Lots of scrawled or printed-out scraps in three bulging manila folders: sentences without a home, sketched notions, occasional quotes, and bits cut from columns because I was short of space or because they distracted. Once in a while, I save what's worth saving and empty the manilas onto this page.
• As to understanding: Look for patterns. Be it a historical event or a family fight, once you find the pattern you're halfway home.
• If you don't find a pattern, you're not looking hard enough. There are always patterns.
• We are each and every one of us terribly lonely by the age of 5, no matter our circumstances, and nothing can change that – we carry that loneliness to our honored graves or to the ditches into which our unidentified corpses are kicked. Loneliness changes its tune and harmonics decade by decade, but its core at age 70 is not so different from its core at age 5.
• People are more than what happens to them, and more than what they do. People are about what didn't happen as much as what did. People are as much what they refused to do or failed to do as what they did. And people are their unobserved stillnesses – like a stillness in which a bad person was good, a good person bad, an indistinct person glorious, an honorable person dishonorably soiled, even if only in private and for mere moments. Moments count.
• Human beings didn't invent music. We found it.
• Virtuosos may unwittingly betray their art. You listen to the playing and not the music.
• Paradox is the signature of God.
• The, is, and – those words were concepts before they were words.
• Here is the whole joke: We are infinite creatures housed in finite bodies and born into limiting circumstances.
• You cannot educate people you underestimate. The lessons won't stick.
• Cyrano de Bergerac, duelist and dramatist (1619-1655). Have you read the play about Cyrano or seen the films? Fearless, they say. Dueled anyone, and any number, at any time, and, as a writer, Cyrano defied authority in drama and verse. Had a stupendous nose. And he loved Roxanne – but he never told her so, because he believed himself ugly (that huge nose).
• When sometimes I'm praised for being a brave writer (and that does happen), I speak of Cyrano – the coward. He'd pick a duel with five swordsmen in a dark alley because he wasn't afraid to do that. He spoke truth to power almost casually, because he wasn't afraid to do that. But he never confessed his love for Roxanne – because he was afraid of his nose and afraid of Roxanne. He never faced those fears down and that brands him a coward. Me – I'm not afraid to write what I write, and I'm not afraid of any man. But I'm afraid of my nose – and afraid of Roxanne.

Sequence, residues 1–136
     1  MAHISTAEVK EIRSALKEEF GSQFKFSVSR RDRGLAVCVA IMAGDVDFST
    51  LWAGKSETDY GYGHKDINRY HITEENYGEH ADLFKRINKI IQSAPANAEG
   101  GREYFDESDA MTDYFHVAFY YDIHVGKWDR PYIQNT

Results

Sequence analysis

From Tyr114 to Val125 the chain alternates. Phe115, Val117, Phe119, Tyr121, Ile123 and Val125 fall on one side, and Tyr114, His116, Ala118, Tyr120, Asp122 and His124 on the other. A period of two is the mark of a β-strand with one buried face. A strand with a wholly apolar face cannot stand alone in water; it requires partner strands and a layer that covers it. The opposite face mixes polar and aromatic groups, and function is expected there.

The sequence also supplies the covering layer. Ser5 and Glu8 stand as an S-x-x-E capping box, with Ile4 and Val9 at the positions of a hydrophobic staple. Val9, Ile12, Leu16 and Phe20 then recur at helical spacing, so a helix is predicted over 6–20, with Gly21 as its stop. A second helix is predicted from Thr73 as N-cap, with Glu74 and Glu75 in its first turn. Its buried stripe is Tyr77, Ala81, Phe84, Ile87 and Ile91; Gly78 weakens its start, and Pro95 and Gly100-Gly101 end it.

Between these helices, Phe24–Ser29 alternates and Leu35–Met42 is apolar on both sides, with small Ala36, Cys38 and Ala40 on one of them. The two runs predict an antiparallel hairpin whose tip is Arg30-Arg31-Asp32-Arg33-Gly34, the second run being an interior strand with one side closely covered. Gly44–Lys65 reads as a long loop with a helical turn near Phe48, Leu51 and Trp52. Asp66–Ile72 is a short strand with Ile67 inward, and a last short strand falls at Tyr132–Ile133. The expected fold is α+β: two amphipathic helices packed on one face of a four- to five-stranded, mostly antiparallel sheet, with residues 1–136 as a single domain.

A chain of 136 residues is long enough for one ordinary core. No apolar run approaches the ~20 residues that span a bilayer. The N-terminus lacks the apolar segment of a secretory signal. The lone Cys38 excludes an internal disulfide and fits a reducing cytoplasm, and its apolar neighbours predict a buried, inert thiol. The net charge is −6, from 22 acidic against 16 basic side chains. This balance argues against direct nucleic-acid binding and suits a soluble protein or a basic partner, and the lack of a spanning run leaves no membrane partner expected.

• Fear creates nothing but reflections of itself.
• The bourgeois world claims it values excellence because to admit otherwise is beyond its capacities. What the bourgeoisie actually value is an efficient and compliant mediocrity. To be excellently mediocre! That is the bourgeois ideal. But we who are not of the bourgeoisie must thank them, sincerely and constantly. Do they keep the wheels of society turning? They are the wheels.
• The home life of the bourgeoisie: parents who happily sell their children into slavery, so long as their children serve the same masters as the parents.
• American liberals have been buried not by conservatives but by a fundamental contradiction in their own souls: American liberals want justice, but not at the price of affluence. American liberals perch on their affluence and call for justice – just so long as it costs them nothing.
• One recognizes the nature of a thing by what it does. Not by how it feels. Not by what it thinks. Not by what it symbolizes. What it does.